Currently, the city is under state law, which bans smoking in public places but allows it in bars and restaurants that do not serve anyone younger than 18, said Sadie Stockton, a chronic disease prevention/health promotion program coordinator for the East Central Health District, based in Augusta.
Advocates such as the American Cancer Society have formed a coalition that is targeting the state's larger cities to extend the ban to those businesses, said Lora Hawk, Breathe Easy Coalition manager for the cancer society.
Augusta was chosen "because you're already so health-minded," she said, with strong health care employment. The coalition is also targeting Macon and eventually Atlanta, Hawk said.
Savannah, Buena Vista and Morrow in Georgia and Aiken, North Augusta and Aiken County in South Carolina are listed as smoke-free in bars and restaurants by American Nonsmokers' Rights Foundation. Outside of 25 states and territories that have smoke-free laws, 468 cities and counties have adopted smoke-free ordinances as of July 1, the group said.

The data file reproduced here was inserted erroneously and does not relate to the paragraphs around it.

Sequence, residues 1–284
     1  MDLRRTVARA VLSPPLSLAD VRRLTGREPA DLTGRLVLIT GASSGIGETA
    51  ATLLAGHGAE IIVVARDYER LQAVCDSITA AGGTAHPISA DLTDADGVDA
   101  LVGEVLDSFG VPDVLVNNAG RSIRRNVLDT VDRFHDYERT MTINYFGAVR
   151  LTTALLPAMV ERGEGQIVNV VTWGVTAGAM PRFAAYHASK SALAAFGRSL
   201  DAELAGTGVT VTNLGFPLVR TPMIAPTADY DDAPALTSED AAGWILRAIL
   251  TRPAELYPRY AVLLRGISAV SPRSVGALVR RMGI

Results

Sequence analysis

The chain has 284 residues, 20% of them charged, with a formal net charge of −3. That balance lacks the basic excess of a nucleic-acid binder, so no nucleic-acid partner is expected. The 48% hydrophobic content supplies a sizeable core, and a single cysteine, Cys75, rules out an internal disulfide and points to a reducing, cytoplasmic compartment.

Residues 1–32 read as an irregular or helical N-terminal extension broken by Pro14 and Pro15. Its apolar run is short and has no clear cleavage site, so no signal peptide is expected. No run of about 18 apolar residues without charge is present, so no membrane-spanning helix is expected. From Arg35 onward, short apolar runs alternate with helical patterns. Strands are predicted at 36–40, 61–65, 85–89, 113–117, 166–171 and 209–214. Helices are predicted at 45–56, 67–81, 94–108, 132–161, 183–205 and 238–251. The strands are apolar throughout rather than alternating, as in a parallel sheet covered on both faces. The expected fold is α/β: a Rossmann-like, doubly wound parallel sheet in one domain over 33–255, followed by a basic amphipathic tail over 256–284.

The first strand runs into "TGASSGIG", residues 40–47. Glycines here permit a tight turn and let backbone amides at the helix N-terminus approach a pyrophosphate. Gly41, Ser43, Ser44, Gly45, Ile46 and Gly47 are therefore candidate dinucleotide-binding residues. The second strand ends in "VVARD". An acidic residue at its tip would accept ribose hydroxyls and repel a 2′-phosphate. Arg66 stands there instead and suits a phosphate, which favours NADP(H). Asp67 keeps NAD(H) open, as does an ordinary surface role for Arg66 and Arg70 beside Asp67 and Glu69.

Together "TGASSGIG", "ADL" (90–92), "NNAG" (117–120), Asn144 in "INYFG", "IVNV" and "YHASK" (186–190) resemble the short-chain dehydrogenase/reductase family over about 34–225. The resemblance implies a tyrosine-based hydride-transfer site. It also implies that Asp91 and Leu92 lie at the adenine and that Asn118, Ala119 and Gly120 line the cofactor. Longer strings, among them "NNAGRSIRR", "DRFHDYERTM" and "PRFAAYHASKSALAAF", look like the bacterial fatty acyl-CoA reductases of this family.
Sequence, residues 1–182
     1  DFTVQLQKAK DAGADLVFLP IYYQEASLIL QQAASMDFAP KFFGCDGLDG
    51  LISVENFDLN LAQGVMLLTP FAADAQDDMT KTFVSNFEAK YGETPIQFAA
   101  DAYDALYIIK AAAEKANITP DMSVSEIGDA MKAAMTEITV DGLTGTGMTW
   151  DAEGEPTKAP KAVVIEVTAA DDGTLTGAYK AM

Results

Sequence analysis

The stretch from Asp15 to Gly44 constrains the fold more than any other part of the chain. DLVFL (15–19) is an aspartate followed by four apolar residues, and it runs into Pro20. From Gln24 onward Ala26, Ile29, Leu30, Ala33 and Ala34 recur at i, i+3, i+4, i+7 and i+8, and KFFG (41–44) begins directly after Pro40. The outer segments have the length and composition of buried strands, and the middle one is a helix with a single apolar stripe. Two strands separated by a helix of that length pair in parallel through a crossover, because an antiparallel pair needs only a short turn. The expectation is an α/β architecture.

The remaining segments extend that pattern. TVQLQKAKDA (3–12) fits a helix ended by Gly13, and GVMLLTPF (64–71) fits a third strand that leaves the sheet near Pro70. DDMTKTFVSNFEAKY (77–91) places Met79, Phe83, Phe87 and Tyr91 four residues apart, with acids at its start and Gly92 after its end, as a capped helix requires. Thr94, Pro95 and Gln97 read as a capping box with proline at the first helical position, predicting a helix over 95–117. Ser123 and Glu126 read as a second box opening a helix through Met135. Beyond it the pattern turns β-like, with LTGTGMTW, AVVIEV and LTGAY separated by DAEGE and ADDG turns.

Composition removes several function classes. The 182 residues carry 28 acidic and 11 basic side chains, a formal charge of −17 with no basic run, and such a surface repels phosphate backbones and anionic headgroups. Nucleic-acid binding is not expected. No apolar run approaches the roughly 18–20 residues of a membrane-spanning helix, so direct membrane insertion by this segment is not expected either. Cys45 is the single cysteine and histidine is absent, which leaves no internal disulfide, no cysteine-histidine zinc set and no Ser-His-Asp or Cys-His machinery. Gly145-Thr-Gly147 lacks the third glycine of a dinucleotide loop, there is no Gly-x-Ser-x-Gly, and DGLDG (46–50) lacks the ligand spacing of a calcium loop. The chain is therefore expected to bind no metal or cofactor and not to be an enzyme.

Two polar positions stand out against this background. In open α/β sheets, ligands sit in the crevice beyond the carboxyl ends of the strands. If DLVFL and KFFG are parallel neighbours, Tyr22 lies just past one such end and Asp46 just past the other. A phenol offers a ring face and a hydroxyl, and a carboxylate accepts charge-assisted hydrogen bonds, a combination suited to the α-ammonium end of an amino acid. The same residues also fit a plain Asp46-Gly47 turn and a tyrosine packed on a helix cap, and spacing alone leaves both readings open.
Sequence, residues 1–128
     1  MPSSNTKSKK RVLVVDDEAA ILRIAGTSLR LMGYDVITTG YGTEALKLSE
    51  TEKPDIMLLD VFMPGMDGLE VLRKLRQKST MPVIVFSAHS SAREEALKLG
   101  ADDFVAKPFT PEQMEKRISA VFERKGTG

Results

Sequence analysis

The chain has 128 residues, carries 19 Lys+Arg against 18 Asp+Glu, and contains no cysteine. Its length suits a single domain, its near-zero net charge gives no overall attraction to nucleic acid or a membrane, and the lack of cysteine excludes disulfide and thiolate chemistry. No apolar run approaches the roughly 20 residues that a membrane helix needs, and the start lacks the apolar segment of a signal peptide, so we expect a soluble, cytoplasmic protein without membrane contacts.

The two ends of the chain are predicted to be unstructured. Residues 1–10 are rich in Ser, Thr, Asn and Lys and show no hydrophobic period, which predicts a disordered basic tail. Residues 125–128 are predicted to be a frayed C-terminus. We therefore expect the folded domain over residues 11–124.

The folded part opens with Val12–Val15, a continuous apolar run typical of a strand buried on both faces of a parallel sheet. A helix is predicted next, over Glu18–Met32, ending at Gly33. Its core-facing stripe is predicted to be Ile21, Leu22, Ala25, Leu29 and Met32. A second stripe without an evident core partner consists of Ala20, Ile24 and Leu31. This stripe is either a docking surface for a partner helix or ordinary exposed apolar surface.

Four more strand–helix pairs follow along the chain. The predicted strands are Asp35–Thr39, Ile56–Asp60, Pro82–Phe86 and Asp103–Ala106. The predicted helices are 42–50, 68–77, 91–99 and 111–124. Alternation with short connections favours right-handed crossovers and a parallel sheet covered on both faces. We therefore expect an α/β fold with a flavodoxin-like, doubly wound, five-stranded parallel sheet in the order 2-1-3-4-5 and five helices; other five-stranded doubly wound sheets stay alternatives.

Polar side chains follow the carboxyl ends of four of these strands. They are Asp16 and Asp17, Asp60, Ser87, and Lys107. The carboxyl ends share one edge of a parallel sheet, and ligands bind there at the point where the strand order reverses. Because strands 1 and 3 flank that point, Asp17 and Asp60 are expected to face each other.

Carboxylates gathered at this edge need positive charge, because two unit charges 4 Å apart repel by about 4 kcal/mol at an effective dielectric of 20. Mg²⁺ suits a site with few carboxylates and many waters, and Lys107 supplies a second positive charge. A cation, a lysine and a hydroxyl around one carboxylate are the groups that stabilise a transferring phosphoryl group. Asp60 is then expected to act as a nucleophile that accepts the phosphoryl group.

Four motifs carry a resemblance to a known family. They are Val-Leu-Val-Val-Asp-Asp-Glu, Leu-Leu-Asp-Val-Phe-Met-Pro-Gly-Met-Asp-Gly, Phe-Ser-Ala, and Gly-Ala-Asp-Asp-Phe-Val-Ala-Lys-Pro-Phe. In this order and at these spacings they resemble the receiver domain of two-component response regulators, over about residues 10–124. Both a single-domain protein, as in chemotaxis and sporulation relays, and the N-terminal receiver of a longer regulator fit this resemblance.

In 2005, Columbia County banned smoking in public buildings, except private clubs, retail tobacco stores and certain outdoor areas. It extended the prohibition last month to outdoor areas of most county-owned properties.
In its model legislation, the coalition cites studies on the dangers of secondhand smoke, including the 2006 U.S. surgeon general's report that found there is no risk-free level of exposure to secondhand smoke.
Businesses might have to endure a little bit of a burden from a stronger ordinance, "but in the long run they will see the benefit," said Clifton Dennis, a respiratory therapist at Medical College of Georgia Hospital and Clinics and chairman of the CSRA Asthma Coalition.
There was a clamor from restaurants and bar owners in previous attempts to pass a stronger ordinance. A telephone survey of 828 Richmond County residents by the University of Georgia in March and April found that 82 percent think smoking should not be allowed in an indoor workplace, 78 percent think it should not be allowed in restaurants and 45 percent think it should not be allowed in bars or clubs.